To start on the path to becoming a social worker, students must first complete a Bachelor of Social Work (BSW) degree program. This is required for entry-level social work jobs. A BSW will enhance your communication, ethics and core academic skills, while also giving you the opportunity to explore personal interests and access to clinical placements or practicums in real-world settings. 

Furthermore, a BSW gives you entry to direct service jobs that may not require an advanced social work degree or license. Direct service jobs available with a BSW include caseworker, social services assistant and program coordinator.

If you already have a bachelor’s degree and want to take the next steps in your career as a social worker, a Master of Social Work (MSW) degree could be the next step to take. An MSW degree is typically needed to gain employment in more specialized social work positions. These include clinical settings such as private practice, hospitals and mental health agencies. An MSW degree and clinical work placements also give you the opportunity to become a licensed social worker. 

Positions and settings available to MSW graduates include healthcare social workers and child and family social workers. A healthcare social worker may work in hospitals or medical facilities and can develop support plans, assess patient needs for outside resources, and assist with financial and insurance issues. A child and family social worker supports families and children. Their duties include helping to coordinate resources, making interventions to protect children, arranging adoptions and reuniting families.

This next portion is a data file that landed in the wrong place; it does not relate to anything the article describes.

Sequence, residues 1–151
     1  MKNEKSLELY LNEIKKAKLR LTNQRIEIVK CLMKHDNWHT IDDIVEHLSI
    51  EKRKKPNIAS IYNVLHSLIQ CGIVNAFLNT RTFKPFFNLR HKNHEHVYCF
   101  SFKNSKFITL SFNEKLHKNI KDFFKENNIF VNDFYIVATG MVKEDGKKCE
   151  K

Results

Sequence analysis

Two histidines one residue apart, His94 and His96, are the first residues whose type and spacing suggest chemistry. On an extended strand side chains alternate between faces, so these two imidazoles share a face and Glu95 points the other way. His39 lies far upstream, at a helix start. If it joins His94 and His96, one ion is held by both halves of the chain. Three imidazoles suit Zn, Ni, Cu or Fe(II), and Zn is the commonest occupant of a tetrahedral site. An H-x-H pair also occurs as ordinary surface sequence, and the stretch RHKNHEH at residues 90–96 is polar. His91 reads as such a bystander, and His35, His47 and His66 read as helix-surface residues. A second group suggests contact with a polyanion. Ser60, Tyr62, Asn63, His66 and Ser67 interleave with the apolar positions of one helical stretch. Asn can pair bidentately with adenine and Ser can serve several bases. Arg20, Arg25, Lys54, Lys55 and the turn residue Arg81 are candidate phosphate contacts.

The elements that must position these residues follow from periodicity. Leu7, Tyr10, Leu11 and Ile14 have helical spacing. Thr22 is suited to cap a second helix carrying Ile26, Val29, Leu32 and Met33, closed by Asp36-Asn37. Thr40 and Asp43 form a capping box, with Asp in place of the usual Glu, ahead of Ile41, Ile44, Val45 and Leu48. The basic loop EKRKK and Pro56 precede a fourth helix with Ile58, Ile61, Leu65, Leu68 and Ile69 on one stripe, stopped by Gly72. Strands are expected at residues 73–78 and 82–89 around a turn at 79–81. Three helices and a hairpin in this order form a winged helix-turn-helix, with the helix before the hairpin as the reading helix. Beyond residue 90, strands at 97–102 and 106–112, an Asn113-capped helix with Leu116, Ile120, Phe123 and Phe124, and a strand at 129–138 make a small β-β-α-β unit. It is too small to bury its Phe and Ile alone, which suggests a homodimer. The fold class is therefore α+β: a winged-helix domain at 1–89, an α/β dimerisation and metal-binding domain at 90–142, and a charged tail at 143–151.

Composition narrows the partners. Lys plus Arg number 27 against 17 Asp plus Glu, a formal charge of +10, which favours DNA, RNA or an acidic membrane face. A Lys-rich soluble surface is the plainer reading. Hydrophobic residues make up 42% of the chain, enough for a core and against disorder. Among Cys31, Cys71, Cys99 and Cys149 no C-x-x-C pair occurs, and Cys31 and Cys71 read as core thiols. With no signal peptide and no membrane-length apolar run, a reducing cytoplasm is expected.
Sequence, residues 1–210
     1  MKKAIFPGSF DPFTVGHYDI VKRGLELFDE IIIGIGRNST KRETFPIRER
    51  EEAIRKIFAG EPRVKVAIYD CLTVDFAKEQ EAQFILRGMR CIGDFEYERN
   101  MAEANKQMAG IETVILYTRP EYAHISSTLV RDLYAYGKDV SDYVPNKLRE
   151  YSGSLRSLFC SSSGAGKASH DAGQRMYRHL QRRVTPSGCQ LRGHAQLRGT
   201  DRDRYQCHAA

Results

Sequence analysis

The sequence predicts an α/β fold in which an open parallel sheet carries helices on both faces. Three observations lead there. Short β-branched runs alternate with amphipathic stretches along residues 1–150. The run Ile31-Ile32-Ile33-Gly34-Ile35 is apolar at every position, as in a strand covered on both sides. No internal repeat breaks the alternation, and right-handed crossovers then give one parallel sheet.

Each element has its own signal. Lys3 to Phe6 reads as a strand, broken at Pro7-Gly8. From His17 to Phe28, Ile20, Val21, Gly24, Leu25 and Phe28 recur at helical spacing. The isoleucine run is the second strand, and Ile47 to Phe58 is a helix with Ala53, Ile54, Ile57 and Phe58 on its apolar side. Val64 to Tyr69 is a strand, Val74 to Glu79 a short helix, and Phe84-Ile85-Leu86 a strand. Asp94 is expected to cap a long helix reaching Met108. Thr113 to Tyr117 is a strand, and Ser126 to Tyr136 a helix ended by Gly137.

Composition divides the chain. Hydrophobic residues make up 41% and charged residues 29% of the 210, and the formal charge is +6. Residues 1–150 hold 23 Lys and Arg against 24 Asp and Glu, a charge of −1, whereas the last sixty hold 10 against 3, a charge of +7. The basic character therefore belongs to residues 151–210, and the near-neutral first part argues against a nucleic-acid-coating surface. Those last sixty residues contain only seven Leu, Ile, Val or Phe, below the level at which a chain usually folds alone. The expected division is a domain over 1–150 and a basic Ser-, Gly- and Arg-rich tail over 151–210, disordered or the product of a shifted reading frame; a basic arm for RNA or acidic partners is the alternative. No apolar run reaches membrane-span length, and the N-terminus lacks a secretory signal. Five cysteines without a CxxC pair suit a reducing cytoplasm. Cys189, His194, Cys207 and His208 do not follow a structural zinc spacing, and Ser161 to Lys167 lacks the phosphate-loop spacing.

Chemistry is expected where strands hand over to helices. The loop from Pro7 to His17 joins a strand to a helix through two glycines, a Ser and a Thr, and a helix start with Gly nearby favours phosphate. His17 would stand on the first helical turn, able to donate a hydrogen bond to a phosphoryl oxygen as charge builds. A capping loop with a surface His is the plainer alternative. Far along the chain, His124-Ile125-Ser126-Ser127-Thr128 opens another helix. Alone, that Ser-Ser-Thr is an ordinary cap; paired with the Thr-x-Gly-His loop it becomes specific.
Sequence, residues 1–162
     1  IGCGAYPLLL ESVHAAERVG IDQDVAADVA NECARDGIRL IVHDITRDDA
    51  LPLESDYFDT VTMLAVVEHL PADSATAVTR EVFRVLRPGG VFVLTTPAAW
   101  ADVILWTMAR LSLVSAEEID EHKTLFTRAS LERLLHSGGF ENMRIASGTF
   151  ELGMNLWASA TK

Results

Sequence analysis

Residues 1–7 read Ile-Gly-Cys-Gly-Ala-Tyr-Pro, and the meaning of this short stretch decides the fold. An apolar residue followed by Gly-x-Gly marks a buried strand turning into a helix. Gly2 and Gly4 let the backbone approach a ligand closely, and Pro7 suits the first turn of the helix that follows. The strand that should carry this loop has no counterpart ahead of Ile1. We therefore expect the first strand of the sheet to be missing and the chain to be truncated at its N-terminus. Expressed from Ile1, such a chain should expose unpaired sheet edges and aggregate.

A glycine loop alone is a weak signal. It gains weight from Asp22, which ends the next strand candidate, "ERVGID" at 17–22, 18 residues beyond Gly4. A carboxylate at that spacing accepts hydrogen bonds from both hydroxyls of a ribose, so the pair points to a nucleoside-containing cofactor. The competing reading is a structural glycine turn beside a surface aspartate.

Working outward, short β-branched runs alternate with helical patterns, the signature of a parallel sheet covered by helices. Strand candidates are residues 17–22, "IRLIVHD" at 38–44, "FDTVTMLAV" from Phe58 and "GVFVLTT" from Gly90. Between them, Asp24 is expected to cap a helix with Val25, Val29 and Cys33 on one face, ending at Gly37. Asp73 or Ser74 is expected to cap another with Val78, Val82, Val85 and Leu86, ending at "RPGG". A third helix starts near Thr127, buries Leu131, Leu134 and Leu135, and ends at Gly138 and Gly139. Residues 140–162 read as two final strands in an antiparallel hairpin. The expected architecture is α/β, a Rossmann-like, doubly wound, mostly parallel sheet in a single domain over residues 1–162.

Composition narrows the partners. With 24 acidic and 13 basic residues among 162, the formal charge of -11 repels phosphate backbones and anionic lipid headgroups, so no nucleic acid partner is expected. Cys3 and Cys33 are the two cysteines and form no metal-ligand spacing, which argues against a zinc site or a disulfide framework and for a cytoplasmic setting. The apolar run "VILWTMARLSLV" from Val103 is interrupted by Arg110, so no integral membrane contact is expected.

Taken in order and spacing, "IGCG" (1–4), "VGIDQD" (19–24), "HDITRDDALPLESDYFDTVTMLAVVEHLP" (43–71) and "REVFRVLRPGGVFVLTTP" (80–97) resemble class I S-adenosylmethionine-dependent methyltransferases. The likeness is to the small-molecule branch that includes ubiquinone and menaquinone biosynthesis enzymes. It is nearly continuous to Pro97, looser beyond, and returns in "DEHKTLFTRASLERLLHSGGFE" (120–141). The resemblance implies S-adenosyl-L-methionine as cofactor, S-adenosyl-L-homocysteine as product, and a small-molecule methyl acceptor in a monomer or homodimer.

The need for social work services

Social work, while challenging, can be a very rewarding career for many. Social workers possess a specific but broad set of personal qualities. A good social worker is compassionate, caring, committed to social justice, and organized. Social workers must also adhere to strict professional standards, reflecting the integrity central to the profession.

As the need for health inequities continues to be addressed, so also does the need for good social workers. The US Bureau of Labor Statistics (BLS) estimates a growth rate of 9% for social worker positions between 2021 and 2031. If you want to make a difference, now is the time to consider a career in social work.